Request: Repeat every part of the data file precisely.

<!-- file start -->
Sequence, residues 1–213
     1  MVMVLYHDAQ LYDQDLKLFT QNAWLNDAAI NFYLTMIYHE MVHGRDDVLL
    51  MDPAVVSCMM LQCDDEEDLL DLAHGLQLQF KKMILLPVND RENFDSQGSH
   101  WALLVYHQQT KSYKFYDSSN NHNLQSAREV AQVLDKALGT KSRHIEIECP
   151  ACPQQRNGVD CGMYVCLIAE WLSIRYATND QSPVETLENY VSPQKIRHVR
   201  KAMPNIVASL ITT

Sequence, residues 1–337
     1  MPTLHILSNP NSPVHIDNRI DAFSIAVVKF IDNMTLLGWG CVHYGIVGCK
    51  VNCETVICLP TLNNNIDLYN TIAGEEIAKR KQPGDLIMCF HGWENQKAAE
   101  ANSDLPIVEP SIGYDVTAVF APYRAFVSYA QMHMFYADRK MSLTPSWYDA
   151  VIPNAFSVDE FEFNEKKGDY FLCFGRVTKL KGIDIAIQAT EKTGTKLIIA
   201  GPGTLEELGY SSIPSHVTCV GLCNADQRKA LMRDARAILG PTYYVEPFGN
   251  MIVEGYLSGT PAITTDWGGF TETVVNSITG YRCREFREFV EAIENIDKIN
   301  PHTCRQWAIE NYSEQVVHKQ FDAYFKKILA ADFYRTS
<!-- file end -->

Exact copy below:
Sequence, residues 1–213
     1  MVMVLYHDAQ LYDQDLKLFT QNAWLNDAAI NFYLTMIYHE MVHGRDDVLL
    51  MDPAVVSCMM LQCDDEEDLL DLAHGLQLQF KKMILLPVND RENFDSQGSH
   101  WALLVYHQQT KSYKFYDSSN NHNLQSAREV AQVLDKALGT KSRHIEIECP
   151  ACPQQRNGVD CGMYVCLIAE WLSIRYATND QSPVETLENY VSPQKIRHVR
   201  KAMPNIVASL ITT

Sequence, residues 1–337
     1  MPTLHILSNP NSPVHIDNRI DAFSIAVVKF IDNMTLLGWG CVHYGIVGCK
    51  VNCETVICLP TLNNNIDLYN TIAGEEIAKR KQPGDLIMCF HGWENQKAAE
   101  ANSDLPIVEP SIGYDVTAVF APYRAFVSYA QMHMFYADRK MSLTPSWYDA
   151  VIPNAFSVDE FEFNEKKGDY FLCFGRVTKL KGIDIAIQAT EKTGTKLIIA
   201  GPGTLEELGY SSIPSHVTCV GLCNADQRKA LMRDARAILG PTYYVEPFGN
   251  MIVEGYLSGT PAITTDWGGF TETVVNSITG YRCREFREFV EAIENIDKIN
   301  PHTCRQWAIE NYSEQVVHKQ FDAYFKKILA ADFYRTS